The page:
Lucid – Benjamin Michael Greene

I recently reviewed this book on and for my good friend and author, Benjamin Michael Greene.  I gave it 5 stars!

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Lucid, a collection of eight short stories, runs the gamut of humorous, fantastic, hopeful, emotional, and poignant. Lucid is sublime in its abundance of rich, vivid imagery that soars off the page with detailed sensory descriptions. Allow yourself to be transported into a world full of wonder; where the impossible is possible and things you thought resided only in dreams become reality. Greene encourages the reader to never stop dreaming and to reach for those dreams; to be willing to escape limitations of reality; if only for a brief respite.

My favorite story is “That Dream She Lived”, about a little girl who escapes reality of school and less-than-attentive parents. I could easily imagine myself as the girl with long, brown hair wearing a pink and purple paid button-up dress, sitting on her swing, splashing her feet in puddles. Greene presents a beautiful vignette reminding the reader how important it is to imagine, wonder and believe in magic.

“Why We Work” is a poem for those stuck in the rut of the work world; merely existing by doing the same thing without passion; people who lost all joy, hope, purpose and ability to dream. Greene reminds us to grab hold of our dreams and make them reality.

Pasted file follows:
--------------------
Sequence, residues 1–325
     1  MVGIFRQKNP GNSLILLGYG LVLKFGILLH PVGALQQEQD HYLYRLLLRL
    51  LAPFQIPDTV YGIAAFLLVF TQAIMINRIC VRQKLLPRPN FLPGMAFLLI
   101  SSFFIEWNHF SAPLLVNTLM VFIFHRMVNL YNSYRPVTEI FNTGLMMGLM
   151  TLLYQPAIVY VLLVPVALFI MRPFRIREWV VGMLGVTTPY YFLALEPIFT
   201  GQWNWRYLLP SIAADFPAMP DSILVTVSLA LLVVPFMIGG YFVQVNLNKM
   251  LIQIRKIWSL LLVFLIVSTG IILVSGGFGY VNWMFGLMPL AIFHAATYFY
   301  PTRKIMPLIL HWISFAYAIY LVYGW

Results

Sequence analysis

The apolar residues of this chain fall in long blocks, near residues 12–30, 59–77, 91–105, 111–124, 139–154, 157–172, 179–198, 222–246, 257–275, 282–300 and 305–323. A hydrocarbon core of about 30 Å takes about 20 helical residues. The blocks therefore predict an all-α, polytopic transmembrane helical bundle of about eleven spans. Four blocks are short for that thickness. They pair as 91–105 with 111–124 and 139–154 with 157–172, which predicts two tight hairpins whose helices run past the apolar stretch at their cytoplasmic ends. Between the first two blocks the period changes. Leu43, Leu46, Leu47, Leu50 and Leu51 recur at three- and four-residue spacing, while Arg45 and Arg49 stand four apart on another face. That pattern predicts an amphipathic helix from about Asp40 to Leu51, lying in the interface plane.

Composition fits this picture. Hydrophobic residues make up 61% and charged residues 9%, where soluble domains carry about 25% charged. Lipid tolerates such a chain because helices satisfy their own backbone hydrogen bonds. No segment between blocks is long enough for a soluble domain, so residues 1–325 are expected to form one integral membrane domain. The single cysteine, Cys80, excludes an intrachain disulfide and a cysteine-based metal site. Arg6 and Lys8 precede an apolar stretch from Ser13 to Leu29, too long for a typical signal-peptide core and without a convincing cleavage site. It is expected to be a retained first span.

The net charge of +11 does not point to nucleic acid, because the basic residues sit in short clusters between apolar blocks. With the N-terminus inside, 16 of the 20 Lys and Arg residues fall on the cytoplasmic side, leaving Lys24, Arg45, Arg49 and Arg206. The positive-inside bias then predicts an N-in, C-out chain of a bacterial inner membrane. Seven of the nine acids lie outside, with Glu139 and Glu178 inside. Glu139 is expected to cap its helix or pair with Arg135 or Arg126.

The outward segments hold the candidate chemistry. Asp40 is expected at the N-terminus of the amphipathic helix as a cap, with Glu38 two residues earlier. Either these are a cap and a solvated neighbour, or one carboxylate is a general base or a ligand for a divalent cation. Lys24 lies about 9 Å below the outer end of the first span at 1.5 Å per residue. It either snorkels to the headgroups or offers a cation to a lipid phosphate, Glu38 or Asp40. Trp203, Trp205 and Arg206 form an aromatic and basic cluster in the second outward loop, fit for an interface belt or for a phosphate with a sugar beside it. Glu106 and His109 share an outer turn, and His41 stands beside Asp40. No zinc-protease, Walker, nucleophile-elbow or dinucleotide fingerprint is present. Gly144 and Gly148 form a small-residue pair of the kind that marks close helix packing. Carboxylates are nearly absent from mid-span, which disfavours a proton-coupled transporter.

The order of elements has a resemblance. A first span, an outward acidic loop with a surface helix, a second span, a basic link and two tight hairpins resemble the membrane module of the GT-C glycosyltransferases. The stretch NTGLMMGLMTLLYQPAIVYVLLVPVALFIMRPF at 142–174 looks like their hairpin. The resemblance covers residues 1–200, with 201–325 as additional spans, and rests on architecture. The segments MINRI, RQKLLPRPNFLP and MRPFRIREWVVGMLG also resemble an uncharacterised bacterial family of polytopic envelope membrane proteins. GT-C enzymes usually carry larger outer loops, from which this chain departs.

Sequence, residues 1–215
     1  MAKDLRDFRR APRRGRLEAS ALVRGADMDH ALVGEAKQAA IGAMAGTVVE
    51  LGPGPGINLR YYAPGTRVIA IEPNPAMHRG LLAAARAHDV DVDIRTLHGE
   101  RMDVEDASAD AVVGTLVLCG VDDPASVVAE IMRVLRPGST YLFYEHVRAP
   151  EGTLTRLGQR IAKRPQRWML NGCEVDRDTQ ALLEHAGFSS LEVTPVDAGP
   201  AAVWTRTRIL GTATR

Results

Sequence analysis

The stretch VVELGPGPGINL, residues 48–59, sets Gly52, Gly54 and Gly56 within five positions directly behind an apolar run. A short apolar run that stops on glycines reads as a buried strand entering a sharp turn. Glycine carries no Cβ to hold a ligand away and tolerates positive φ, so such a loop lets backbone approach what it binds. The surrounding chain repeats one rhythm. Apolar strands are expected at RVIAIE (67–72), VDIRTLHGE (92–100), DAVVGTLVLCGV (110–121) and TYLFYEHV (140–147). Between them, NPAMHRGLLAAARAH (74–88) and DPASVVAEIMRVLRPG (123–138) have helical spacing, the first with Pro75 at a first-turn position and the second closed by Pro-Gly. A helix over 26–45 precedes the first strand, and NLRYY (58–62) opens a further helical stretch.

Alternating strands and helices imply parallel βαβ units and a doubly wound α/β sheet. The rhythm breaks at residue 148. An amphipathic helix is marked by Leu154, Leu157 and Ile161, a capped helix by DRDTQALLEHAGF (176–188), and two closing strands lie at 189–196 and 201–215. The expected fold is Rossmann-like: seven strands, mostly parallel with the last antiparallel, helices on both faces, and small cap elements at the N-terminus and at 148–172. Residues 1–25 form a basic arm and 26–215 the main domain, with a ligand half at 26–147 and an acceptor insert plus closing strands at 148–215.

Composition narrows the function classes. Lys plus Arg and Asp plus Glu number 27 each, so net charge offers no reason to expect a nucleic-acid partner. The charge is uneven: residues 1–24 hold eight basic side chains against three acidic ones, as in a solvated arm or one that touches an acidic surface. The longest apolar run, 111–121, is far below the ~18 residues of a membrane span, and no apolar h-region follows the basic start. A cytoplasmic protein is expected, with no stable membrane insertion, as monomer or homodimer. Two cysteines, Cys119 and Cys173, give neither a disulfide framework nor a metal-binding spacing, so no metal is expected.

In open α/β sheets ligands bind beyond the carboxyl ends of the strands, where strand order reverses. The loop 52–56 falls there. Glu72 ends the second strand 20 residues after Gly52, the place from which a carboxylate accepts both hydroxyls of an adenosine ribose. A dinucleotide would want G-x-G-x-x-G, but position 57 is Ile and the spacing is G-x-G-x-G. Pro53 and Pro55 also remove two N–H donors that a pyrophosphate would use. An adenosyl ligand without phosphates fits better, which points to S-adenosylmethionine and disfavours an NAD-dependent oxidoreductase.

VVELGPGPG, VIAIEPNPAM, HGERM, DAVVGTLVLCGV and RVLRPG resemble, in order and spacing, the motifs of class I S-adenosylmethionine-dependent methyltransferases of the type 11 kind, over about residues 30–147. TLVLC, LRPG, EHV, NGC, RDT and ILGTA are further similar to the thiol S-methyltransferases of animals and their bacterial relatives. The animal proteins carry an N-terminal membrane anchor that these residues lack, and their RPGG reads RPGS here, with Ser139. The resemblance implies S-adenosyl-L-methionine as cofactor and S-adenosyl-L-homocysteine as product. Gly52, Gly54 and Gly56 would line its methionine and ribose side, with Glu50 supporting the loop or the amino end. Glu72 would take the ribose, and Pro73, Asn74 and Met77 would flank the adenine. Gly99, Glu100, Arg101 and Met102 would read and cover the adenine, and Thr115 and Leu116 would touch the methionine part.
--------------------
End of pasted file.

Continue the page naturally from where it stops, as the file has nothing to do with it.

“Gaslight”, the shortest story, is a delightful portrait of winter, perhaps something Norman Rockwell could have painted. This story is rich in sensory descriptions of pure, gentle white snow, moments of peace and quiet viewed from a porch during a snow fall, a brief respite from the chaos at this time of year, and the magic of memories.

“Apple Season” is sad, beautiful, and poignant. This story is about loss and despair, and the magic of a ladybug.

“I Watch Them Quietly” is a charming story about friendship and love, as the guardian of a cemetery watches over its inhabitants. An old inhabitant reminds the guardian how important it is to live so that your soul lives on after you depart making you truly immortal.

“Dandruff” is full of vivid description when two men enter the apartment of their older brother only to find it covered floor to ceiling in coloured sticky notes, and try to discern meaning.

“Best for Last”, with characters displaced from another book the author was writing, is a charming tale about a writer experiencing writer’s block (art imitating life?) and characters without a story.

I highly recommend Lucid. Greene has a unique style of prose, with rich, vivid descriptions and limitless imagination. The only negative I can think of is that there should be more stories!

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